Following a hugely successful first year run of Engineering for Access 2019, we teamed up again with leading product innovation experts Bang Creations to ask undergraduate Engineering students of all disciplines in the UK to create a fantastic product idea that could help to improve the life of someone living with a disability.
The winner will receive a prototype of their product made, up to the value of £5,000. They’ll work with Bang Creations to help bring their product to life as a prototype. So, not only will they have the accolade of winning this award but they’ll also have their product prototype to showcase their efforts! Get to know the winer, shortlist and all of their designs below.
Matthew is an Aerospace Engineering student at Swansea University, originally from North London. His design is a haptic metronome that helps Parkisons sufferers with tempo and rhythm whilst walking. Matthew felt compelled to craft the handheld device due to both his father and grandfather struggling with the debilitating disease.
“My Father and Grandfather both suffer from Parkinsons so I wanted to design something that would help these people that I care about.
I got the idea for the design from my Father. My parents like to go on walks and hike together so it is not possible for my Dad to listen to the marching band music that could help him keep time when walking. So I tried to think of a way where he would still be able to get the benefit of the marching band music when he could not wear headphones and listen to it.”
You can read more about Matthew’s metronome design here.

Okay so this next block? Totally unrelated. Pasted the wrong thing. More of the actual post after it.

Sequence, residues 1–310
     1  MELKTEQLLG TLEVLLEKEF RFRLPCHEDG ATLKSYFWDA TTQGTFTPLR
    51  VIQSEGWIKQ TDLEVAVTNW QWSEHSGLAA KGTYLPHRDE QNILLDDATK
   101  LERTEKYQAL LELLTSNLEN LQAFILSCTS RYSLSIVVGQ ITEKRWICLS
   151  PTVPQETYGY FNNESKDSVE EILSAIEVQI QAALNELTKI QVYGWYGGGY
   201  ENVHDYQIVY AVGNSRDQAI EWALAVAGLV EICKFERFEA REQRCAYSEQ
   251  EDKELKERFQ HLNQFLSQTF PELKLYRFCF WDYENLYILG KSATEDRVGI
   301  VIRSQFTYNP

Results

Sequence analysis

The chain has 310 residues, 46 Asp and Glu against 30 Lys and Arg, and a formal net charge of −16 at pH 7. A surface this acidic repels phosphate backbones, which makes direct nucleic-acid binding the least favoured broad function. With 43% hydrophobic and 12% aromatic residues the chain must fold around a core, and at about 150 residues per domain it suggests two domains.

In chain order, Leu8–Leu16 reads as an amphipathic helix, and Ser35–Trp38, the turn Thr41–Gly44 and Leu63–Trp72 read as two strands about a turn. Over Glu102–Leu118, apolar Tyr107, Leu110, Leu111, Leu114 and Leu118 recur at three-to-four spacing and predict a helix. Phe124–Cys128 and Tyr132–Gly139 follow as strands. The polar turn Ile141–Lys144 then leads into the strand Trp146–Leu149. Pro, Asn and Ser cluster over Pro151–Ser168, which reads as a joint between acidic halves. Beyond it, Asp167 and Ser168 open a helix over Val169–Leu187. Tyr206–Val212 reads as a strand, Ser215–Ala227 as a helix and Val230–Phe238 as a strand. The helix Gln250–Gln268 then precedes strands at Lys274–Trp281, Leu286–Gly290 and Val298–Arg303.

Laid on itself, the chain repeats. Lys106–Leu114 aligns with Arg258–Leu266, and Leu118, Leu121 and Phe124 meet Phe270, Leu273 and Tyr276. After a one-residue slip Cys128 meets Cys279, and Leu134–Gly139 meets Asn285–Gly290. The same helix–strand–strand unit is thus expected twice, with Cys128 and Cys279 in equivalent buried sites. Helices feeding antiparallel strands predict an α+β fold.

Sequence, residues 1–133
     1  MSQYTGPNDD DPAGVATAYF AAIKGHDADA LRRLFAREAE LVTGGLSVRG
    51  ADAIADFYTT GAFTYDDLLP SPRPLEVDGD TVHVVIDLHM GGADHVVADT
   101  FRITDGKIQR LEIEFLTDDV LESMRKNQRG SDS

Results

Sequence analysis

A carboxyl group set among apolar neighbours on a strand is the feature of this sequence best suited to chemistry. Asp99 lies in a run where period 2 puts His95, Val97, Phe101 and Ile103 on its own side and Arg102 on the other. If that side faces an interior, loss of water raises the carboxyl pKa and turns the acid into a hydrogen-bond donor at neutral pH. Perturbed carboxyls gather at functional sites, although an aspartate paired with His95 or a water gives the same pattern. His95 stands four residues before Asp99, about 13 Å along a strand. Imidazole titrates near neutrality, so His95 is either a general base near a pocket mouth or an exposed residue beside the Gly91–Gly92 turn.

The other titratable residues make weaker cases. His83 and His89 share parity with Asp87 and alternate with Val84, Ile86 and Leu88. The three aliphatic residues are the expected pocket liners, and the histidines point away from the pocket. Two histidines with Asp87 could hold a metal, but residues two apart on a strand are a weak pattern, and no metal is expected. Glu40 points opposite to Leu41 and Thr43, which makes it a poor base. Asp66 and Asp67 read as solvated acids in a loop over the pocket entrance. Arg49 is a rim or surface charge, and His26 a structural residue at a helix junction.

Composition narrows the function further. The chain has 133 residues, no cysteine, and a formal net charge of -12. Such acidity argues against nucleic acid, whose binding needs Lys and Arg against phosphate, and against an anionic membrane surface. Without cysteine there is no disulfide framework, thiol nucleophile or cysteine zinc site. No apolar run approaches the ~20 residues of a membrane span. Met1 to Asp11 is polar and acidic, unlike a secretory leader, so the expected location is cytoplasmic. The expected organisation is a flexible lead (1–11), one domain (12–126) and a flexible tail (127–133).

Beth is a Biomedical Engineering undergraduate student at Queen Mary university, originally from Lancaster. Her design entails a catheter that allows users to drain their bladder intermittently in comfort, rather than a continuous catheter that is often widely used – read more about it here.
Beth was inspired to create something to help people suffering with bladder issues due to family members working in healthcare who regularly see the impact that this can have on a person’s everyday life:
“I chose to design for this disability as my father is a Urologist, so I was aware of some of the drawbacks of conventional urinary catheterisation and the number of people affected.
My sister, who is a home care worker, had told me about one of her clients who was receiving end of life care, and in the midst of this was facing ongoing difficulties with his urinary catheter. She explained her frustration that he required hospital visits just to change his catheter, when even getting dressed caused him excruciating pain.”
Gregory currently studies Mechanical Engineering at University of Birmingham, and entered Engineering for Access with a product designed to ease battery changes for Behind The Ear (BTE) hearing aids, particularly with those in mind who have limited dexterity.
Gregory was inspired to create the design to help resolve this problem for people like his Grandpa, who he hopes would be able to use the product if it were to be put into production.
“My Grandpa suffers from the problems that my product solves, and he always complains about how he struggles with it, so I decided to come up with a solution to solve these difficulties.
I have spoken to other hearing aid users and they were all impressed with the concept and agreed that it was a problem needing to be solved.”
You can see Gregory’s full design entry here.
Zachary entered Engineering For Access 2020 with a design for a device that helps people to learn Braille. He was inspired to put together his design after speaking with a blind customer while working in a local Café.